I used to have a reoccurring nightmare a few days before school started. I’d walk into my classroom and instantly lose my ability to see. In my dream, I’d try to pretend everything was normal, but the students would soon discover that wasn’t the case, and all hell would break loose. I’m pretty sure those dreams were all about leading and my worries about whether or not I could, and while I never lost my eyesight in class, like all of us who work with children, I did need to find my way. The dreams have stopped, but the reminders linger. No matter where I help children learn, I need tools, and more often than not, these look like routines.
Two of the best classroom tools I used began the moment my students walked in the classroom and in the moments before they left. Our beginning and ending routines not only allowed students to transition, they allowed them to engage in their interests, check in with me individually, and gave me time to do the same. Teachers need transition time too!
Now at home, I begin my time with my children the same way I did with my students- we grab a good book. At the end of the day, we do too. Reading together gives my kids a place to land. When we’re done with a chapter or two, depending on the time of day, they are ready to either move on to the next piece of our day or head off to bed.
There are many ways to begin and end your time with children. Here are a few of my favorite ways.
Starting a class or morning the same way each day allows kids to settle in and transition. They know what to expect before they arrive, and there is something soothing about beginning time together with a simple activity or ritual.
There are many ways to create this time:
Maybe try a different activity each day or switch things up each season.
When I was teaching, I began each class with SSR (Silent Sustained Reading). My students chose the books they wanted to read, and (this is key,) I read too*. We spread out on the floor. Sometimes we went outside. Over and over again, year after year, kids told me it was one of the best parts of their day. I rarely had students lose control in my classroom. They liked being in class and after ten minutes when our timer went off, they were ready to learn. Starting each class in silence and being able to read books that interested them, helped them quiet whatever had happened in the hall or previous class, transition into English, pause, breathe, and re-focus.
The last couple years I taught, we used the Mind Up curriculum. After SSR, I used a chime to help us practice meditative breathing. This too proved to be a great way to start our class.
*A beginning routine is for everyone. If you are facilitating, you need transition time too. Don’t use this time to grade, do dishes, or check email. Allow yourself to center. Pick up a book, grab your journal, or enjoy an audio book with your kids.
It’s nice to go full circle. Just like having a beginning routine, having something that signals an end or close to a class or day is important too. In my writing circles, we pass a candle to begin and end. In my home, we begin and end each day by reading. There are many ways to end a day:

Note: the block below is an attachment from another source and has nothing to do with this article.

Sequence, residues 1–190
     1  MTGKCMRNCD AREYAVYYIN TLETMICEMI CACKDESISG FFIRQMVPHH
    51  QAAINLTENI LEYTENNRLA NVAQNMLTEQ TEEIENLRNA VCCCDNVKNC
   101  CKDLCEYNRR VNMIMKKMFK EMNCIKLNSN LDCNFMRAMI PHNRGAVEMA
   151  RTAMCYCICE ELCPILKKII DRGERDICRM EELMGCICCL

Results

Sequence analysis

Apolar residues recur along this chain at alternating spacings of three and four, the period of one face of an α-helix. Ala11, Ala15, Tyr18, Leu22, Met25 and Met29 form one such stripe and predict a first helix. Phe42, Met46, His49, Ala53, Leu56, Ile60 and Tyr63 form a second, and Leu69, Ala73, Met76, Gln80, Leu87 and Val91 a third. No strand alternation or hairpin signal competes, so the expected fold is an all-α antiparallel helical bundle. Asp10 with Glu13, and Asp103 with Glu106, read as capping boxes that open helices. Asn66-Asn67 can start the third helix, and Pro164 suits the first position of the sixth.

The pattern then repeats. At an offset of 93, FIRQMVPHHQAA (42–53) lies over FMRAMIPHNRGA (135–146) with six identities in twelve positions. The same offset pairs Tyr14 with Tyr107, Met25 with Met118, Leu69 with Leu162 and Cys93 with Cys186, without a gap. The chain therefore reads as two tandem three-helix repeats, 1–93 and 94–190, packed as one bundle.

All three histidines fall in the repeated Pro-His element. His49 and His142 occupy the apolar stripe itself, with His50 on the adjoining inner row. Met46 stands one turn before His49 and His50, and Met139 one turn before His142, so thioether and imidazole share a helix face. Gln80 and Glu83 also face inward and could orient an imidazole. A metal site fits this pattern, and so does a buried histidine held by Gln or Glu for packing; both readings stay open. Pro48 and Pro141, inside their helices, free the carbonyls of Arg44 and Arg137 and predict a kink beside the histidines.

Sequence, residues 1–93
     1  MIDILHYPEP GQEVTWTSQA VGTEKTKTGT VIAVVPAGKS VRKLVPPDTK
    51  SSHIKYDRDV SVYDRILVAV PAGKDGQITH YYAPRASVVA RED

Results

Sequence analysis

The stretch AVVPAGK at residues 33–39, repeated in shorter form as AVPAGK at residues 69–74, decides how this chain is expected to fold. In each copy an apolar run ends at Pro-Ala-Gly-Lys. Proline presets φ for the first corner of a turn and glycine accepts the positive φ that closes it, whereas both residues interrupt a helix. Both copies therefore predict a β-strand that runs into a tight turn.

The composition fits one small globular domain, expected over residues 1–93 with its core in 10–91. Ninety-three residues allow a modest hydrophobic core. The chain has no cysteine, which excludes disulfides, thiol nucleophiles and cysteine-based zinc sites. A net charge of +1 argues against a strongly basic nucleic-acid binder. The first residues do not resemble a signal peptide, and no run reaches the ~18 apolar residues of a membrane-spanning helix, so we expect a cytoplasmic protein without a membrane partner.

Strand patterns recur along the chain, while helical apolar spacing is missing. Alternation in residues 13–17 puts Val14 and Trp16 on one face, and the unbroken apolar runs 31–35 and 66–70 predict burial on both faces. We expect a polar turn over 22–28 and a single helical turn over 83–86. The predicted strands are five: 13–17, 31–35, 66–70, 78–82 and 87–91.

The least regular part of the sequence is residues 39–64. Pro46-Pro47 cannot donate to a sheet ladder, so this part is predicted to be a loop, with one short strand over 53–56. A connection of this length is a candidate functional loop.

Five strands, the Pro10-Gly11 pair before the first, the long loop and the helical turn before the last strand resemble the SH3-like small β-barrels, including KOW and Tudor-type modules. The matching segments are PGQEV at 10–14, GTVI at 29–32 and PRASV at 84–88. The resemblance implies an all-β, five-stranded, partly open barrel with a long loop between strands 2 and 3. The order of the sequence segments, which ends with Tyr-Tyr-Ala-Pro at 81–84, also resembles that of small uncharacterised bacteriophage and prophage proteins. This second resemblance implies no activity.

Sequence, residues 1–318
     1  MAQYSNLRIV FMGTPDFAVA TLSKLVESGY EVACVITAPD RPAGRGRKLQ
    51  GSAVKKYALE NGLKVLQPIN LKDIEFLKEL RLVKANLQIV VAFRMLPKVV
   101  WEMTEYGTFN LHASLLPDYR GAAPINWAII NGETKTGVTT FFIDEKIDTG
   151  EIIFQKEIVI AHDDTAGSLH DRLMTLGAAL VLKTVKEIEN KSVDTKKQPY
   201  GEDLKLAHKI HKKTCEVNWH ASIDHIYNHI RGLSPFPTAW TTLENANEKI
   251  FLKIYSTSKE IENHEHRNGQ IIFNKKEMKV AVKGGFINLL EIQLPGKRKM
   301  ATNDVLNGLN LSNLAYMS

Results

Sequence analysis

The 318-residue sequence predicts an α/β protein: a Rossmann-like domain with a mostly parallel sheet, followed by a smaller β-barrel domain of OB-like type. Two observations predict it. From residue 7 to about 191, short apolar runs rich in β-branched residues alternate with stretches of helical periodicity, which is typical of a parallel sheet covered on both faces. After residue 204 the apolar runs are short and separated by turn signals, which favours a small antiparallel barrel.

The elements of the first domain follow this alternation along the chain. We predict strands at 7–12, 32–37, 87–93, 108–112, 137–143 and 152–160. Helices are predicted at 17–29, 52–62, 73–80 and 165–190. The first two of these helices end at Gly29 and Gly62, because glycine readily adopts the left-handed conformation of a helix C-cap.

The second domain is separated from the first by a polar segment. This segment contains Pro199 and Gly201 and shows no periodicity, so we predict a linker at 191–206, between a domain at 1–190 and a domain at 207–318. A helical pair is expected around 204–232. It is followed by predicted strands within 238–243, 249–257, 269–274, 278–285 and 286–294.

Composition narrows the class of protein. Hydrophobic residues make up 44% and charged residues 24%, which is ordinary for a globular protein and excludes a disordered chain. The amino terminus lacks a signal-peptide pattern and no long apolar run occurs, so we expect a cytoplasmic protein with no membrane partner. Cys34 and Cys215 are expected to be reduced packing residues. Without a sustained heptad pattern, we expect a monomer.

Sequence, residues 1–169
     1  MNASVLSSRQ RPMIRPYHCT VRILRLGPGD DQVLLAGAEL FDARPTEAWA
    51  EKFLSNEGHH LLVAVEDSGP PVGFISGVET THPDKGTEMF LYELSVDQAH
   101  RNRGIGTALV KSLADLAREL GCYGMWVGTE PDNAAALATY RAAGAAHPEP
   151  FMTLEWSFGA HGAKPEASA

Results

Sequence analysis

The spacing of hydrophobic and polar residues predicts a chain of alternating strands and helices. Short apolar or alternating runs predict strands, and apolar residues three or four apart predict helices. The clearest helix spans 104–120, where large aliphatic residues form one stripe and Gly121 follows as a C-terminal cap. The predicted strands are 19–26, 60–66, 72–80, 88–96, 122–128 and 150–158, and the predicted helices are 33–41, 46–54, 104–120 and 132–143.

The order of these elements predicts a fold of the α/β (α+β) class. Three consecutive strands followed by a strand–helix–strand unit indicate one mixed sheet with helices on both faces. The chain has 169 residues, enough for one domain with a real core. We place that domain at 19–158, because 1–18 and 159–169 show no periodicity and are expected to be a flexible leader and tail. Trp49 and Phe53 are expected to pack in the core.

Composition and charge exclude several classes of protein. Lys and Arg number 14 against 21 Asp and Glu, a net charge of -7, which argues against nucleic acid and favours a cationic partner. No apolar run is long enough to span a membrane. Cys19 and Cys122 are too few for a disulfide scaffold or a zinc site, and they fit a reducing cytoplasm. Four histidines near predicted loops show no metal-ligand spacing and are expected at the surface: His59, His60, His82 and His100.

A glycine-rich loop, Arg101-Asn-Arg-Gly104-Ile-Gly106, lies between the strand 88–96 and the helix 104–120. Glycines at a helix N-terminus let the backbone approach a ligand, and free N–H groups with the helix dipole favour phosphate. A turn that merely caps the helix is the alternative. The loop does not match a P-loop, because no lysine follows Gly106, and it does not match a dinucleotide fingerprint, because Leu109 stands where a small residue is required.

Ask kids the “most important question of the day” and make it something silly like, “What is the best ice cream flavor in the world?”
Play two truths and a lie
3 words list- Children write down three words that summarize something they’ve learned and explain why the words are relevant.
Draw- a picture related to something learned
Energy Check- Ask, how are you feeling right now?
One of my favorite ways to end my English classes was an Exit Slip. I’d pass out index cards and invite students to write about something specific we’d learned. This was also a time for them to ask questions they didn’t want to ask in class, now realized they had, or let me know how the class went for them. This tool helped me check in with each student, helped them reflect on their learning and time in our class, and again, ended our class quietly and calmly.
The times I didn’t have a beginning routine in my classroom and expected my students to launch right into the next topic without transition, never went well. It’s the same at home. If I want our family to have an ease to our day, we have to actually ease into it.
Creating routines takes a little time and it takes consistency. Go with simple. Choose one thing, not five. And choose something you know your kids will enjoy. Find books that hook them, let them write about anything they want to in their journals or listen to the same audio book over and over again if that is what gives them joy.
The goal of a beginning and ending routine is to not to teach a new skill or challenge a child. These routines should help children and facilitators transition, settle, and find a place of calm. Learning can’t happen when we’re feeling hyper, frazzled, or preoccupied.
A routine to begin and one to end is the bread of a learning sandwich. It keeps the good stuff, their learning, from becoming a mess on the floor. Offer your children a little time to begin and a little time to end each day. It will make all the difference.
I’d love to know how you begin and end your day with your children.